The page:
Amidst assertions by The Franklin Register and Norfolk County Journal that H. P. Blavatsky held a 33rd-degree Freemasonic status, Blavatsky issued a clarifying response. She articulated her detachment from Western masonic lodges and their hierarchical degrees, underscoring her affiliation with Eastern lodges, notably Sat B'hai and of the Rite of Adoption of the Ancient and Primitive Rite. Blavatsky's stance provoked disagreement among certain Freemasons, particularly regarding her ability to be considered a Freemason. In refutation, she emphasized her non-association with the 33rd degree, while expressing her intent to retain the diploma bestowed by JOHN YARKER, a Sovereign Grand Master, which conferred upon her the title of "Brother."
H. P. Blavatsky promptly emphasizes her absence as a 33rd-degree Freemason and her non-involvement in Western Lodges. She asserts that participating in Oriental Freemasonry should legitimately qualify her for the title of Mason, regardless of not acquiring male-specific degrees. She goes so far as to indicate in other correspondences that her teachings surpass the collective impact of all Grand Lodges.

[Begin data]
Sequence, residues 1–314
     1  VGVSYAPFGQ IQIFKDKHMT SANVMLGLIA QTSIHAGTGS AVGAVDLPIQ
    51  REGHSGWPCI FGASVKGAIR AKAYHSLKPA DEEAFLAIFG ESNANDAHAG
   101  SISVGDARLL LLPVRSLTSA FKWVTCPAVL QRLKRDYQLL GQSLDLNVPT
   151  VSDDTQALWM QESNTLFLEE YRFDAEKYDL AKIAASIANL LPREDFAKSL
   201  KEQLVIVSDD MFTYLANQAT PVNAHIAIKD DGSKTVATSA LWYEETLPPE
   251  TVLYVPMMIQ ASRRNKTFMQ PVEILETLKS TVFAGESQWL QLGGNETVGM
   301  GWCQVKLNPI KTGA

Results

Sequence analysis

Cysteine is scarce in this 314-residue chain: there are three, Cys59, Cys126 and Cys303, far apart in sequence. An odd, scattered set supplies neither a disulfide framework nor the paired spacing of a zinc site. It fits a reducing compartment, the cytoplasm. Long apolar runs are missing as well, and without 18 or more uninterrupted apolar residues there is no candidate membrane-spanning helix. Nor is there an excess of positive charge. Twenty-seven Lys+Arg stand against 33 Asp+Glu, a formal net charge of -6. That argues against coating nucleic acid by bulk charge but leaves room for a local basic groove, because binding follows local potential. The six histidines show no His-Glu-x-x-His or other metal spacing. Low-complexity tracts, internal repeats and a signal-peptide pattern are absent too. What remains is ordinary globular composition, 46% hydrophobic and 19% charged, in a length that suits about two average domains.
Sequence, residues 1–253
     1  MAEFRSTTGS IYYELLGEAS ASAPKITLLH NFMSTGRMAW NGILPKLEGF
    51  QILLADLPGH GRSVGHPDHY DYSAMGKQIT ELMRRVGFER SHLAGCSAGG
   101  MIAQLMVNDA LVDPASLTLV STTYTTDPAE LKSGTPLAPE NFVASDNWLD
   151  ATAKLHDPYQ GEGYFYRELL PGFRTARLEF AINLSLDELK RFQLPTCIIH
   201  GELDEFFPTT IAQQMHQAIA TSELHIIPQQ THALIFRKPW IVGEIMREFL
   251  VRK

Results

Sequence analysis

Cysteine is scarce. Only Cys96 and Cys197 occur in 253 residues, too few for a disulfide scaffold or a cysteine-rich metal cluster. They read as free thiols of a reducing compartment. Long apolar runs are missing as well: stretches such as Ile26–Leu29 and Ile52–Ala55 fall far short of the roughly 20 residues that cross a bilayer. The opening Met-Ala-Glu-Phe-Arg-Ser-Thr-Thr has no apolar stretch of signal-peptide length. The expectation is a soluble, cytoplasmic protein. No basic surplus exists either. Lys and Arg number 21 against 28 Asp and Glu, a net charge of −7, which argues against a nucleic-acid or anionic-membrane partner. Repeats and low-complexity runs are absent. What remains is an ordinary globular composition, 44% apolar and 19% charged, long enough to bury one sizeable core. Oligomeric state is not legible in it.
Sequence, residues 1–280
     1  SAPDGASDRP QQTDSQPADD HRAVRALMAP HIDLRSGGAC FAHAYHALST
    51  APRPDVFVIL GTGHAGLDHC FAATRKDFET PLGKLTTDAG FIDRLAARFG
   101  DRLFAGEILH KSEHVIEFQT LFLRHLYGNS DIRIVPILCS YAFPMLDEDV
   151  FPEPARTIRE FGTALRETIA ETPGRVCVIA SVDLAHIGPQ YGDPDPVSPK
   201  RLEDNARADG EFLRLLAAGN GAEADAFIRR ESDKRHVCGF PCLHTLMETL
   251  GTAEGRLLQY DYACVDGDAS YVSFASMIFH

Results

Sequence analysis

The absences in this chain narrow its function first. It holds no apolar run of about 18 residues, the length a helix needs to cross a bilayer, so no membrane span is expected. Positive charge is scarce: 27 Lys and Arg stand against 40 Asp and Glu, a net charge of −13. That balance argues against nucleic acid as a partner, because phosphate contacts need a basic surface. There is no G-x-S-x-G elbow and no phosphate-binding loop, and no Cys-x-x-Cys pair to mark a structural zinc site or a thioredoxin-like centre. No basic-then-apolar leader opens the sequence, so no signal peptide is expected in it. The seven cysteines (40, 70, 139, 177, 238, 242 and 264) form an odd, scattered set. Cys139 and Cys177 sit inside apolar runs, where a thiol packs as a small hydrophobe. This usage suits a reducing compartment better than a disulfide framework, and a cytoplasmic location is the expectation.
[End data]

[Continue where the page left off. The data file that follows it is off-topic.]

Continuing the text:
In summary, H. P. Blavatsky's absence as a 33rd-degree Freemason is evident, even though she engaged with multiple Co-Masonic factions throughout her lifetime. Notably, she acquired basic literacy skills from her relatives' masonic journals. This raises questions about her relationship with Freemasonry and the skepticism it evokes from Freemasons themselves, despite her being honored as a Crowned Princess. H. P. Blavatsky was resolute in her belief that Freemasonry, could be traced back to its origins with Loyola, the founder of Jesuitism and an accused Alumbrado.
This notion is said to have originated with John Robison (1739–1805), who held a position as a professor of Natural Philosophy at the University of Edinburgh. He introduced this concept in "Proofs of a Conspiracy" 1797.
Adding to the narrative, a German bookseller and Freemason residing in Paris, operating under the name C. Lenning, elaborated on the story in a manuscript titled "Encyclopedia of Freemasonry."
Continuing to build upon this account, the renowned English Masonic author, Dr. George Oliver (1782–1867), progressed the tale in his work "Historical Landmarks" from 1846. He even asserted that King Charles II was actively involved, attending these gatherings.
Freemasons refute these allegations, yet it's important to note their commitment to stringent and solemn blood oaths that safeguard the order's mysteries. This is why there are persistent contradictions and counterarguments that the lodge consistently contends with.
Antimasonic.org stands in opposition to Helena Blavatsky's teachings, though it's undeniable that her claim of Jesuit infiltration resonates with the warnings our forefathers and antagonizes Freemasonry.
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